The British government has this year increased its arms deals with Egypt, after a reduction in arms exports following the 2013 ouster of president Mohamed Morsi, the website Newsweek reported on Friday.
The American website said that the official records released by the British government and reported by the Campaign Against the Arms Trade (CAAT) showed that London in the first three months of 2015 approved military licences to Egypt for "components of military combat vehicles" worth £48.8 million ($76.3 million).
These figures represent a 3,000 percent increase year-on-year in the value of military deals between the two countries. According to Newsweek, in the first quarter of 2014 military deals between both countries were worth £1.6 million ($2.4 million). A number of arms export licences were suspended by the UK in 2013 after the ouster of Morsi.
Newsweek reported that the British government's Department for Business, Innovation and Skills, the entity authorised to sanction and suspend military licenses, declined to reveal more details about the items being exported under the terms of the deal.
In June President Abdel-Fattah El-Sisi received an invitation from British Prime Minister David Cameron to visit London.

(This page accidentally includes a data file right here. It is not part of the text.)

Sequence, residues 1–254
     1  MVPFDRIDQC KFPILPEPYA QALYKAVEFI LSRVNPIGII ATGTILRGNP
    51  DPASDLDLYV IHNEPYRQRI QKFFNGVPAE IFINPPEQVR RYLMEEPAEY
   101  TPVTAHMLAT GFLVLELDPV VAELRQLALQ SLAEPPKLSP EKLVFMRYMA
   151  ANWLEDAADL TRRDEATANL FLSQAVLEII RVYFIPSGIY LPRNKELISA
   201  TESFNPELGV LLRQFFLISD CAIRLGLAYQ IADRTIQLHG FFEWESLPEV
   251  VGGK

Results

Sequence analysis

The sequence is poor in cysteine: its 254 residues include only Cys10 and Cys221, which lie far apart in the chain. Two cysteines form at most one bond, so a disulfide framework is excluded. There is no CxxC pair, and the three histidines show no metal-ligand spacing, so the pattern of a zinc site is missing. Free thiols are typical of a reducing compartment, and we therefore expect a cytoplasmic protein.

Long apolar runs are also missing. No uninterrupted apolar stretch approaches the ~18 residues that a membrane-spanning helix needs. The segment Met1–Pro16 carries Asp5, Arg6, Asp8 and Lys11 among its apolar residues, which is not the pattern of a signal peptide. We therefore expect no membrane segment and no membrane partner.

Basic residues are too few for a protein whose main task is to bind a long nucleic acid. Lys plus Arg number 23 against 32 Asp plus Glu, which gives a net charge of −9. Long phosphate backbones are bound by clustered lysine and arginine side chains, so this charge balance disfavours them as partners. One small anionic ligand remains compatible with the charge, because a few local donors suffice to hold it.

Some British human rights groups have condemned the increase in military cooperation with Egypt, citing human rights concerns.
"The UK should be condemning the appalling human rights abuses that are taking place in Egypt, "Andrew Smith, a researcher at CAAT, told Newsweek.
"However, these increasing arms sales, and the forthcoming visit, suggest that the government wants to strengthen its ties," he added.
A spokesperson for the Department for Business, Innovation and Skills told Newsweek that the British government continues to "monitor the situation in Egypt, particularly in relation to crowd control operations, and keep in close contact with EU partners on the application of export licensing policy."
"The UK Government continues to have concerns about human rights in Egypt, which is why we apply rigorous standards in assessing export license applications," he added.